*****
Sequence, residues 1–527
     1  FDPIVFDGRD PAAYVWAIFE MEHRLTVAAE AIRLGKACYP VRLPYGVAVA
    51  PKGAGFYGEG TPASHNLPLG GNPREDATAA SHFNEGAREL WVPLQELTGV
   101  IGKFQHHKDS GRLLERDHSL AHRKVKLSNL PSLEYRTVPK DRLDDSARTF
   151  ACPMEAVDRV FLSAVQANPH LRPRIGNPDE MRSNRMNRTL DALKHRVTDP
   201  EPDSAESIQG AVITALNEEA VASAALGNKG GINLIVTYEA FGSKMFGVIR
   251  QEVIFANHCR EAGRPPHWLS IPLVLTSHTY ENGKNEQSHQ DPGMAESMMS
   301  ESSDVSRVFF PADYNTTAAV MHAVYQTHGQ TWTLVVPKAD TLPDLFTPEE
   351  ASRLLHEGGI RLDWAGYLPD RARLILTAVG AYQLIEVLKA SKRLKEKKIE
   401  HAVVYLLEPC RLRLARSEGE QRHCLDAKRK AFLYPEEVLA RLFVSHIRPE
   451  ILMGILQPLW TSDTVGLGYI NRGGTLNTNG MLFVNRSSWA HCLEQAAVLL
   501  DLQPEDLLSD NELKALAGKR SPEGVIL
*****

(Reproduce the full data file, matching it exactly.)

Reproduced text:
Sequence, residues 1–527
     1  FDPIVFDGRD PAAYVWAIFE MEHRLTVAAE AIRLGKACYP VRLPYGVAVA
    51  PKGAGFYGEG TPASHNLPLG GNPREDATAA SHFNEGAREL WVPLQELTGV
   101  IGKFQHHKDS GRLLERDHSL AHRKVKLSNL PSLEYRTVPK DRLDDSARTF
   151  ACPMEAVDRV FLSAVQANPH LRPRIGNPDE MRSNRMNRTL DALKHRVTDP
   201  EPDSAESIQG AVITALNEEA VASAALGNKG GINLIVTYEA FGSKMFGVIR
   251  QEVIFANHCR EAGRPPHWLS IPLVLTSHTY ENGKNEQSHQ DPGMAESMMS
   301  ESSDVSRVFF PADYNTTAAV MHAVYQTHGQ TWTLVVPKAD TLPDLFTPEE
   351  ASRLLHEGGI RLDWAGYLPD RARLILTAVG AYQLIEVLKA SKRLKEKKIE
   401  HAVVYLLEPC RLRLARSEGE QRHCLDAKRK AFLYPEEVLA RLFVSHIRPE
   451  ILMGILQPLW TSDTVGLGYI NRGGTLNTNG MLFVNRSSWA HCLEQAAVLL
   501  DLQPEDLLSD NELKALAGKR SPEGVIL